Unlike the infamous Metheny regime, Parsons’ plan was to act as a buffer or liaison between Stern’s show and upper management, in turn, allowing as much creativity as possible.
“Howard was constantly stretching boundaries, which was what he was supposed to do. If a line was crossed, I spoke with him. Sometimes he agreed and sometimes he didn’t, but there were never any big confrontations,” Parsons admits. “I never took anything personally because I knew Howard the character as well as Howard the person. When Howard called me on the air, I understood the joke.”
Ultimately, Parsons had enough of the “joke.” He fired his star on September 30, 1985, a top-rated afternoon program in New York. But he says the decision was not his, nor even anyone’s within the radio division. And in his dismissal, Parsons contends, Stern got the last laugh.
“It cost me money, because the ratings suffered. And it turned out to be the decision that destroyed the NBC Radio Division,” Parsons says. “WNBC Radio never recovered from firing Howard and both ratings and revenue suffered greatly. The losses eventually led to selling the NBC Radio Network and all of the NBC owned and operated radio stations.”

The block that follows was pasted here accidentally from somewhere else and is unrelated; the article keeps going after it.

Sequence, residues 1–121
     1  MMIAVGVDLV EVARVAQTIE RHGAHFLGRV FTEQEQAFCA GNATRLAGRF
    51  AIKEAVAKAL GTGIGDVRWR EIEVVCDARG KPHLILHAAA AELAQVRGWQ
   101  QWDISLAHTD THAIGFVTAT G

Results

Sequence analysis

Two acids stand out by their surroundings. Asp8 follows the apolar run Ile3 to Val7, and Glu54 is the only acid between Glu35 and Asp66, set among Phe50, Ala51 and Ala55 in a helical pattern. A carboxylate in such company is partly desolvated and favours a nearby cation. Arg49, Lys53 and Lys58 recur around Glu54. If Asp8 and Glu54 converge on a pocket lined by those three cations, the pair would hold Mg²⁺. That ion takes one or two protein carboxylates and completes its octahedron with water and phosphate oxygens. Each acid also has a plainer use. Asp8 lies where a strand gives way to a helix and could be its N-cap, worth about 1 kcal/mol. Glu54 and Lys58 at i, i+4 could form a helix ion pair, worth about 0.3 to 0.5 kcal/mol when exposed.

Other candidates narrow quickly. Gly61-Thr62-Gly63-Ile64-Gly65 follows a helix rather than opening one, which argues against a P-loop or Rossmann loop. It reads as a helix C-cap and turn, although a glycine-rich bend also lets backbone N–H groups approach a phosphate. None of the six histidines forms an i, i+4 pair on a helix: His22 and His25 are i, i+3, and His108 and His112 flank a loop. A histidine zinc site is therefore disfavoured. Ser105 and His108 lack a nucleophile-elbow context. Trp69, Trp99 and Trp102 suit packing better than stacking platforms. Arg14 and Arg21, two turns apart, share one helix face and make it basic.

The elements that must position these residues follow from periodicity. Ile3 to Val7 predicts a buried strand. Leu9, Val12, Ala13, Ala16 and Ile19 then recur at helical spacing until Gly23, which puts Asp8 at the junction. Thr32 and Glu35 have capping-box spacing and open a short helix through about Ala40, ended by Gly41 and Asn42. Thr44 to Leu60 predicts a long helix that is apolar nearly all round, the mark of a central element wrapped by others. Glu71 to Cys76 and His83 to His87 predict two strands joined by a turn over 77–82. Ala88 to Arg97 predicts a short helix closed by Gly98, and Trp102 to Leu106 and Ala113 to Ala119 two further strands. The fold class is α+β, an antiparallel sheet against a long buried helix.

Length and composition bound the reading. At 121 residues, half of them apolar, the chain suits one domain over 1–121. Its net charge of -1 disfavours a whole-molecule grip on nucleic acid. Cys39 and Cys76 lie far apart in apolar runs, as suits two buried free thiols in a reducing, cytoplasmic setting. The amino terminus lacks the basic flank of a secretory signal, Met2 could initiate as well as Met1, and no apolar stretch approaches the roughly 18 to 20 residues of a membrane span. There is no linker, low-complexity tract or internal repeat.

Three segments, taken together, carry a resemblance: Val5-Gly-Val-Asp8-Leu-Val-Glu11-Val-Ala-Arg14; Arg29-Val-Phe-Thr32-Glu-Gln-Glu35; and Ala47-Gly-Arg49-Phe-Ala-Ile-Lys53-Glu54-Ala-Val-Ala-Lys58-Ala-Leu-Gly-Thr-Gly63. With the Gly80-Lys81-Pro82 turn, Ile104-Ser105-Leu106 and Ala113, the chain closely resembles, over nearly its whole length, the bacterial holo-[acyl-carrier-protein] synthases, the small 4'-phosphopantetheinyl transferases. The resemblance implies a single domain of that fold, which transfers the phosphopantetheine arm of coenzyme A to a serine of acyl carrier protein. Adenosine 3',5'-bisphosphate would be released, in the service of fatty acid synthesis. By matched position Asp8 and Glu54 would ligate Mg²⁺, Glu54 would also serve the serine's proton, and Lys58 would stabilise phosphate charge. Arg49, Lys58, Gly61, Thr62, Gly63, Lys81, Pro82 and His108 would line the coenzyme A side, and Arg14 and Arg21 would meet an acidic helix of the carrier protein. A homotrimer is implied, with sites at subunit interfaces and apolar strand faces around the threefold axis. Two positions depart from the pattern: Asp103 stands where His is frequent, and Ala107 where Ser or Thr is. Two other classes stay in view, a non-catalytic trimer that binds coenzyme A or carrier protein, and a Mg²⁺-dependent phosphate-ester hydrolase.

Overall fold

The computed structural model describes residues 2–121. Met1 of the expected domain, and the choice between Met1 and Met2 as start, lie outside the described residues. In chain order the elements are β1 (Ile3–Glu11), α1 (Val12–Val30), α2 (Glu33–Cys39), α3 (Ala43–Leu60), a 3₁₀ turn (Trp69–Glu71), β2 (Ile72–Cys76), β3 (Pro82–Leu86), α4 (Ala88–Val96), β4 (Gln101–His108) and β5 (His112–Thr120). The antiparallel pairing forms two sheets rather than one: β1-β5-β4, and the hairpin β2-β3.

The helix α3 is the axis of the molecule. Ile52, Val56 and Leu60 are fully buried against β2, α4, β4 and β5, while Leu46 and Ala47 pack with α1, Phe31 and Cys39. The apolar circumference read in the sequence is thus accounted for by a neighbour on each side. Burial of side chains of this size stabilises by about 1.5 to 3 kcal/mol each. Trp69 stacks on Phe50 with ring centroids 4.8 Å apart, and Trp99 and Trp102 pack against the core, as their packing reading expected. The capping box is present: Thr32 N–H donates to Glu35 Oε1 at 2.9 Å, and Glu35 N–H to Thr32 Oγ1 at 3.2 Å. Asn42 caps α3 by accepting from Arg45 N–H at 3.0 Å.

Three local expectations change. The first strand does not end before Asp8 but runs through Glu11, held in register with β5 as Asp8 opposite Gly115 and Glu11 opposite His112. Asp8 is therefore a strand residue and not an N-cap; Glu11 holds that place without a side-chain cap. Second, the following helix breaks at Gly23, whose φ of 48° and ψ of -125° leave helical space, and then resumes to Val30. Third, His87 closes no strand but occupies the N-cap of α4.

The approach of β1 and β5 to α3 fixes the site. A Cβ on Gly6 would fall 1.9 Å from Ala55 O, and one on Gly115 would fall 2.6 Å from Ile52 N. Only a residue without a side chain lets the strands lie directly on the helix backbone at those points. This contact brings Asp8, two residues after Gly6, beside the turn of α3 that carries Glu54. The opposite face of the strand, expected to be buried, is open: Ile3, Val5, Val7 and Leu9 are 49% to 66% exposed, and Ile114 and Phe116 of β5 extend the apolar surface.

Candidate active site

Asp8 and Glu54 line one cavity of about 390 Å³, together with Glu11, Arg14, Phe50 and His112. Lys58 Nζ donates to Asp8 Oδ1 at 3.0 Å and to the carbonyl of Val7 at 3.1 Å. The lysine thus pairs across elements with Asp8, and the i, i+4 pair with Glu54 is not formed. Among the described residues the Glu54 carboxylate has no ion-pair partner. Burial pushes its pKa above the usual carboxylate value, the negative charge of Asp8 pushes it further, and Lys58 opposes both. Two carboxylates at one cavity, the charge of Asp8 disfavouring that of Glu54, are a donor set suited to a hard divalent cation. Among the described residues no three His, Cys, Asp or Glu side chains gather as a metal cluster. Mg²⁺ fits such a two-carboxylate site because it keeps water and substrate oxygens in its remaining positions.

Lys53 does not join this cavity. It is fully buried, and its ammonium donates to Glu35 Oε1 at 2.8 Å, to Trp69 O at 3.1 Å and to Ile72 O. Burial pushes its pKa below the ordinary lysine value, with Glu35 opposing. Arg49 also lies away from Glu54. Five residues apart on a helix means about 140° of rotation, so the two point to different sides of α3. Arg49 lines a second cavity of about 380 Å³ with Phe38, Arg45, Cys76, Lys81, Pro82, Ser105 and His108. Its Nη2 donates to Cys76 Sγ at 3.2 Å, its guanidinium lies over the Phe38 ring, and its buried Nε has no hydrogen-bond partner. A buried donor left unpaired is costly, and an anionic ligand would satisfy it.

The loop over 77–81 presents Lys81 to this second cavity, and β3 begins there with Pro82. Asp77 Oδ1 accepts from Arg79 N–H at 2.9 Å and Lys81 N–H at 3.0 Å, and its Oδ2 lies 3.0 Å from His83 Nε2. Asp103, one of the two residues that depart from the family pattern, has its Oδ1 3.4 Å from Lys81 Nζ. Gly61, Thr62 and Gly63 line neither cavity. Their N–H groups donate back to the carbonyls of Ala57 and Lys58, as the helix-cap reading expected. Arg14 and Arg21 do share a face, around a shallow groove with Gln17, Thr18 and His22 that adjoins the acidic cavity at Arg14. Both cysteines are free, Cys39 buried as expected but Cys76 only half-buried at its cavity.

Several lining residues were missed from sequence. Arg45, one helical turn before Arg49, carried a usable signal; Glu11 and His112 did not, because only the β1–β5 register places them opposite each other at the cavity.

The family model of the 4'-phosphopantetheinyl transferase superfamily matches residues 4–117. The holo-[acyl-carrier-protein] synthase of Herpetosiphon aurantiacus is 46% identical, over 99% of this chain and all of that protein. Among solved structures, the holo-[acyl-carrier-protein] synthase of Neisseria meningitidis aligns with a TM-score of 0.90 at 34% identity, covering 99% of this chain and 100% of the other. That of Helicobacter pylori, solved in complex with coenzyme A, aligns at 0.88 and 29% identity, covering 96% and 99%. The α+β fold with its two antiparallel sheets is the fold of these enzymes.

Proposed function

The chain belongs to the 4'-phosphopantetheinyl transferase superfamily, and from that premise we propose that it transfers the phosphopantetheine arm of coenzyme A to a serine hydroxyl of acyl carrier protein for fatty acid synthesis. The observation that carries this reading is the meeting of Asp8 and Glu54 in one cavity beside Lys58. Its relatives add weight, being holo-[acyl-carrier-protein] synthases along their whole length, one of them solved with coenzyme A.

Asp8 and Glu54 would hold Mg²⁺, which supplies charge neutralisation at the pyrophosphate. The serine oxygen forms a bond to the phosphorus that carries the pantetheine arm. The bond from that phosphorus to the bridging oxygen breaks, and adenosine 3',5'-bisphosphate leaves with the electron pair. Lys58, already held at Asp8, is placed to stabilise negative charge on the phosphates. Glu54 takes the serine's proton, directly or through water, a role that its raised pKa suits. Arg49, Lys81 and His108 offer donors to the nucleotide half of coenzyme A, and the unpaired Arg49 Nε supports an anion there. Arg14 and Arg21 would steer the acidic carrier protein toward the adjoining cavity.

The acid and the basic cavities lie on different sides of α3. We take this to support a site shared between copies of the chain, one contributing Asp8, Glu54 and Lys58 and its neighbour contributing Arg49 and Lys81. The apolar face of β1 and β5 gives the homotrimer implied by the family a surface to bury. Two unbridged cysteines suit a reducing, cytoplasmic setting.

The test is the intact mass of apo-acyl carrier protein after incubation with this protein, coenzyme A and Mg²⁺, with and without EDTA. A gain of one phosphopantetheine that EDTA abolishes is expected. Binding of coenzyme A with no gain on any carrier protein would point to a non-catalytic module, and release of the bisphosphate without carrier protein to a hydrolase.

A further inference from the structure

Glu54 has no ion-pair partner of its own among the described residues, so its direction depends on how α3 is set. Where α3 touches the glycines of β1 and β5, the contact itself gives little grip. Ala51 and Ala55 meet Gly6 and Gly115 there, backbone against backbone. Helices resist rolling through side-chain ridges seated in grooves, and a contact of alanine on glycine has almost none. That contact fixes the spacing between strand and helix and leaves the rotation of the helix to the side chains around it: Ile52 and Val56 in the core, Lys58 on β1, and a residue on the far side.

Another scene highlighted in Private Parts sheds light on Stern’s demise at WNBC less than two weeks later. While live on-air, Stern went to VP/GM John Hayes’ office (the program director’s office in the movie). The classic Stern bit proved to be contentious with his boss. After speaking to Stern for a few seconds, Hayes slammed the door as millions listened intently.
“You idiot scum!” Stern fired back. “Never talk that way to me. You work for me. You’re an idiot!”
While Stern was just discovering his King of All Media status, the one-time King of New York Radio was being put out to pasture. Parsons completely understands the listeners’ mass exodus when Stern was shown the door.
“When Howard was on staff, we had built a whole advertising campaign around the outrageousness of Imus and Stern and how we knew that people might be offended, but that we didn’t really care,” Parsons recalls. “One slogan we used was ‘If we weren’t so bad, we wouldn’t be so good.’ The audience considered us hypocrites when we fired Howard.”